I’m looking forward to taking a break to finish producing a science, history, and adventure filled EP with my band ‘The Long Holidays’.

    cheers and happy holidays!


  2. Emilie says:

    That’s awesome, Jim. I’m planning on pulling out the guitar as well this holiday season. It’s been a rough semester abroad without her. :)

    Thanks for the comment and good luck on the EP. Drop back sometime and let us know once it’s done. I always like to check out Puttylike community members’ projects- they tend to be quite unique and creative. I’ve even been playing around with the idea of incorporating a little monthly project spotlight into the site…

  3. Jon Ivanco says:

    You must leave. I leave where ever I am for as long as I can. Now this doesn’t work for everyone that has “jobs” or “responsibilities” that require you staying in one place.

    But a change of scenery and not being around as much technology or being connected makes me want to come back and be super productive.

    Hobbies and passions should be pursued throughout your year not put into little chunks of time when you have more free time. The suck of the TV especially over the winter is dangerous and often counter productive. I tend to tell myself that going for a run make me feel better than sitting in front of the TV.

    I feel like the extra time I have “off” isn’t really ever off. Personally I told myself and those that I do work for that I’m busy with family stuff for a few days, then I’ll be back to balancing everything all over again, but taking a few days to go somewhere new and meet new people and just avoid all the stress that is normal life is key.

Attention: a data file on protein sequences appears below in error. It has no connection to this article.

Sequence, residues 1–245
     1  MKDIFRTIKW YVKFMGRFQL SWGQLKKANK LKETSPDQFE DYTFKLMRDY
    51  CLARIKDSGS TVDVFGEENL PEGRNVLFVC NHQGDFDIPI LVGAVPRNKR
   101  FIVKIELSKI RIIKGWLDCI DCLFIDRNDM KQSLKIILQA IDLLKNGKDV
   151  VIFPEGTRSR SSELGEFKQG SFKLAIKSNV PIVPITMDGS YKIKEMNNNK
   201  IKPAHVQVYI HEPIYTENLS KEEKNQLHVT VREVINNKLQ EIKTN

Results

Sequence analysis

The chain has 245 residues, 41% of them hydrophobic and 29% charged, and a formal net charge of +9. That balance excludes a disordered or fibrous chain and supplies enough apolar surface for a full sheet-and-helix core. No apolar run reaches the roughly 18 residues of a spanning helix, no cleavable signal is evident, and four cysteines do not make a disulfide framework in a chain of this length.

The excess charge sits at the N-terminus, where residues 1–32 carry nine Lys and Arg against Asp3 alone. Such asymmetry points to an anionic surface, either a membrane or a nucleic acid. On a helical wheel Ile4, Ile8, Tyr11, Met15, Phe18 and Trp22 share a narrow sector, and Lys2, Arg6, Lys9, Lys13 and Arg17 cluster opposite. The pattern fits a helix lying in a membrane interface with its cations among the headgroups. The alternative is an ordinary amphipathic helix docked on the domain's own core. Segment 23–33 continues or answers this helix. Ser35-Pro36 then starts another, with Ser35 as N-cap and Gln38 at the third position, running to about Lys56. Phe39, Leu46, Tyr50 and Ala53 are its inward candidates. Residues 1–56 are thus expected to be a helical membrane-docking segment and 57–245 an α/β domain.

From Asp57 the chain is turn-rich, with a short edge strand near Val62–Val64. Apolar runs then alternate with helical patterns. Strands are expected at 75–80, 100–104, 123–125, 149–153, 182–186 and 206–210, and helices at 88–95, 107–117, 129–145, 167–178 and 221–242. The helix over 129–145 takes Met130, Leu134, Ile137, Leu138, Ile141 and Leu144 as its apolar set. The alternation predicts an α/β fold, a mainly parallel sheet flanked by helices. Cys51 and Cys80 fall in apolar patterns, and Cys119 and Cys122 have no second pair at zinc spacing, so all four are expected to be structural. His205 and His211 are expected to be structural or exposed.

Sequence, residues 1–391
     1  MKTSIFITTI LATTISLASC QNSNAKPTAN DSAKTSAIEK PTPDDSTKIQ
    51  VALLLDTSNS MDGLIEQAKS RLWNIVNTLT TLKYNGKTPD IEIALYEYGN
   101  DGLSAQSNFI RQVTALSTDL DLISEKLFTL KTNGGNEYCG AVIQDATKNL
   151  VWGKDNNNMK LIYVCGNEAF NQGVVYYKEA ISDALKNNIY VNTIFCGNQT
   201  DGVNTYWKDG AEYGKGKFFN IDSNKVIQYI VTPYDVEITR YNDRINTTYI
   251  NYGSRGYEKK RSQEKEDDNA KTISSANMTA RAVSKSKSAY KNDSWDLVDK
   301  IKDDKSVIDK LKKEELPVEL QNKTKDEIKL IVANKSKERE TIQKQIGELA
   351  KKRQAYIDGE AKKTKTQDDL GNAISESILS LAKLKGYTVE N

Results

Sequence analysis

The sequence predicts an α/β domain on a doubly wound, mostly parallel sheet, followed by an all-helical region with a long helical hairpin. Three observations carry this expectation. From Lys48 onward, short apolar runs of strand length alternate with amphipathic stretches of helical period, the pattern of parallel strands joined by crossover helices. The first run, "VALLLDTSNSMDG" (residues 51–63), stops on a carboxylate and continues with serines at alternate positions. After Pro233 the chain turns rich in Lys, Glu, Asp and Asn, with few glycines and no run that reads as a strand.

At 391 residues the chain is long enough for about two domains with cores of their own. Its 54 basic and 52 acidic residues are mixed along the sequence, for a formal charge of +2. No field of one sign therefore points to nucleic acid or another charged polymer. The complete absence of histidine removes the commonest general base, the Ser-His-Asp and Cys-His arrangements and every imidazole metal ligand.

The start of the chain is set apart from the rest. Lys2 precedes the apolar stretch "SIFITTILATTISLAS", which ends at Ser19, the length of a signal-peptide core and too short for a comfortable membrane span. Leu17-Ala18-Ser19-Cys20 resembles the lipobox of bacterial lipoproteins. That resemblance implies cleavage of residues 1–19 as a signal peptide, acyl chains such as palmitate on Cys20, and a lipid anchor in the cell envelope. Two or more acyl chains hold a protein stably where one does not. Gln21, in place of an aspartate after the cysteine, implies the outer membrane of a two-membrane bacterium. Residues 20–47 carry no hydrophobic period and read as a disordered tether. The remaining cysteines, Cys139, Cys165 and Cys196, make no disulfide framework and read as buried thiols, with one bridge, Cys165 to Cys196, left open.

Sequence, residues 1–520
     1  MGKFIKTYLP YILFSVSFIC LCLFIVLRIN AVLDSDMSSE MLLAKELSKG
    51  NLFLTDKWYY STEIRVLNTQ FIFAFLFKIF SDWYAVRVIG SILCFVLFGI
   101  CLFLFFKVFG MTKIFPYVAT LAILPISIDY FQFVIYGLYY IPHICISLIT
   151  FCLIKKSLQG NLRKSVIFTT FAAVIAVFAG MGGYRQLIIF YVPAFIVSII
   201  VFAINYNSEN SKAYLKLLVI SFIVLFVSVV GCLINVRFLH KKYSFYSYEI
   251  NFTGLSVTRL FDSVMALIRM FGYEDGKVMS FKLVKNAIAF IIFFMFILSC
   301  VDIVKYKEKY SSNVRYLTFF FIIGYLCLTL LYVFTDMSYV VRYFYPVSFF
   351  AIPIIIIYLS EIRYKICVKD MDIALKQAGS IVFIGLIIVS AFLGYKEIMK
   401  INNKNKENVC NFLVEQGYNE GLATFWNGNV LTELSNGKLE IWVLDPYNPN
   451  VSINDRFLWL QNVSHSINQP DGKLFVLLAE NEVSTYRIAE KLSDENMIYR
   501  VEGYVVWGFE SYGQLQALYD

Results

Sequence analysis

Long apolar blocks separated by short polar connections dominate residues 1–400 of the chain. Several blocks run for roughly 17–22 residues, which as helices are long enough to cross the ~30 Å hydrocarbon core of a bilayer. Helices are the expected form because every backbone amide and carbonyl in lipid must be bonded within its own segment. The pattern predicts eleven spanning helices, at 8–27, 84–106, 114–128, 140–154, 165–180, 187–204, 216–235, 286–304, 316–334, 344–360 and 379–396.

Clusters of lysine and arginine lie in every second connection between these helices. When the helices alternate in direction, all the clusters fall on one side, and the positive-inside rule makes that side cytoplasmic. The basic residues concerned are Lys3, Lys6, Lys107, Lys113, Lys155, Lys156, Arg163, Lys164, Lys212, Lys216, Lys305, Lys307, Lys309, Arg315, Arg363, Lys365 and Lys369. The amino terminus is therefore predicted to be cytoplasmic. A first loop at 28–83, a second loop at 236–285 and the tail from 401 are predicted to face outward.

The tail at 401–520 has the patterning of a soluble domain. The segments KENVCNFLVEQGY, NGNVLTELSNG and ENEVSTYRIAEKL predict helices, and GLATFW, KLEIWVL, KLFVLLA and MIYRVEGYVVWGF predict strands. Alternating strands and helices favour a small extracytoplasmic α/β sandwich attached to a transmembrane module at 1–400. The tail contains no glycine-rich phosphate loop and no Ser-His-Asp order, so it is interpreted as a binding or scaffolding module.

Multiple projects, multiple whiteboards, multiple diagrams, and a never ending passion for taking time to make change.

    Currently I am enjoying Atlanta, GA freezing.

  4. Emilie says:

    Hi Jon,

    I agree. It’s a tricky situation, but I like having multiple projects on the go too. Don’t have any white boards myself, but tomorrow I am heading out to buy 5 nice notebooks for the 5 projects I’ve identified that I want to pursue.

    And yeah, I mentioned that I don’t think goal planning should be limited to this one period. However, I do think that it’s a good way to avoid the post-exam blues and the free time can definitely come in handy, if taken advantage of.

    You think Atlanta is cold? Try Montreal/Denmark. :)

  5. Peter J says:

    Boredom is horrible; mainly why, when exams finished up for me, on the first day i decided to plan out what i needed to get done on the holidays.

    I don’t know how i could survive without any projects; sitting on a couch you can only do so much, and hanging out with friends you can only do so much of too.

    I’ve devoted a fair bit of my holidays to writing my novel. (20,000 words so far :D) and want to get the draft manuscript done these holidays with 2011 working on editing the thing.

    Great post, and best of luck with your projects also ;)

    • Emilie says:

      That’s so cool Peter! I definitely plan on writing a book one day too. It’s on my list. Thanks for the comment and keep me posted on how the novel is coming along!

  6. Russel says:

    I am glad someone finally addressed the post exam/final issue. It is very real. My parents didn’t go to college, therefore they really didn’t understand what the strange phenomenon of finals were about. The crazed studying and then the feeling of almost numbness still yet vibrating and needing something else to do. I am almost 50 years old now, some 25 years since that experience, but it still very vivid.

  7. Kate says:

    In between taking spring and summer classes, I had about 3 weeks to pick up new projects – and I found myself getting into the vortex you describe! I got caught up on Doctor Who, read a lot of stuff online, saw a couple movies…and BAM, summer classes started again, and I feel like I have no free time to pursue my other interests now. I have another 3 week break coming up in a couple weeks (between summer and fall semesters) and have big, PRODUCTIVE plans this time. Thanks for the incredibly timely tips!